A Buckinghamshire start-up is helping the battle to reduce carbon emissions with a ground-breaking method that can recyle fibres from military body armour so it can be used again by soldiers or civilians.
The process, which has been developed by Uplift360 with the help of defence and security accelerator (DASA) funding, uses sustainable chemicals to turn the waste so-called para-aramid fibres into a liquid, which can be spun back into a similarly high performance material.
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The break-through could lead to a reduction in Co2 emissions, strengthen vulnerable supply chains, and provide substantial cost savings for Defence.
The recycled fibres can also be used in civilian clothing such as hiking gear, tyres, gloves and ropes.
Baroness Goldie, a minister of state for defence, said: “The process designed by Uplift360 is a really good example of how new and intelligent thinking can transform old practices in Defence.
“Their innovative approach could reduce wastage, save money and secure supply without compromising on high quality kit for our armed forces. I look forward to seeing their important work continue to help Defence make even more progress toward reducing emissions.”
Body armour at the moment has a shelf life of around five years, because of the natural breakdown of para-aramid fibres (commercial names include Kevlar and Twaron). It is also expensive to make – each unit costs up to £3,000.
Currently, when body armour expires, it is incinerated, resulting in the loss of valuable para-aramid fibres, which are estimated to be 85 times’ more expensive than steel.
Para-aramid fibres are also found in other parts of defence, including airplanes, land vehicles, uniforms, and helmets.
Receiving in all £495,577 from DASA in project funding over the last few years, the group’s technology uses environmentally friendly, recyclable solvents to dissolve para-aramids into a concentrated solution before they are re-formed.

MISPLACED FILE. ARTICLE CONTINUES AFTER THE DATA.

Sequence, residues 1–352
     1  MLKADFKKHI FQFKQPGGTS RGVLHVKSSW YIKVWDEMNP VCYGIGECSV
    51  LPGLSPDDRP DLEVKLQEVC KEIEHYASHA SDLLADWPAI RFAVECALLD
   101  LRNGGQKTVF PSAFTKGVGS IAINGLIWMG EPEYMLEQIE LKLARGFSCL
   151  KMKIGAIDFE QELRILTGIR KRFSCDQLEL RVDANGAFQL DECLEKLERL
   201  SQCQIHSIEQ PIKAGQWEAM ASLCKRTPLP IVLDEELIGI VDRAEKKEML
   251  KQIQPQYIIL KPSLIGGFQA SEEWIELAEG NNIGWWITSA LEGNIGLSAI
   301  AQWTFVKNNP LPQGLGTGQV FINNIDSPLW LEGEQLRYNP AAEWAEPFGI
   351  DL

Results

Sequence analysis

Jamie Meighan, Uplift360’s CEO and co-founder, said: “DASA has been instrumental to the success of Uplift360. From a concept to our initial investment to creating our ground-breaking technology in our labs, DASA has been there every step of the way.”
Uplift360, founded in 2021, describes itself as a “greentech startup” working in the advanced material circular economy (redesign, reuse, regenerate and recycle) and it is focused on the defence and security sector.
Comprising a team of just five, including co-founders Sam Staincliffe, a former disaster response expert and Jamie Meighan, a former Royal Air Force wing commander and Military affairs officer for the United Nations, the future looks bright, with numerous successful funding rounds and interest from international allies.
Its head of research and innovation since June last year has been Chris Jenkins, a chemistry masters graduate from the University of Bristol.
With the most recent DASA funding, the company aims to work with aramid manufacturers to further demonstrate the technology at a wider scale.
It has also just secured initial seed investment and is looking to explore the potential of applying its innovative technologies to carbon fibre composites, a critical component in many military materials and capabilities.
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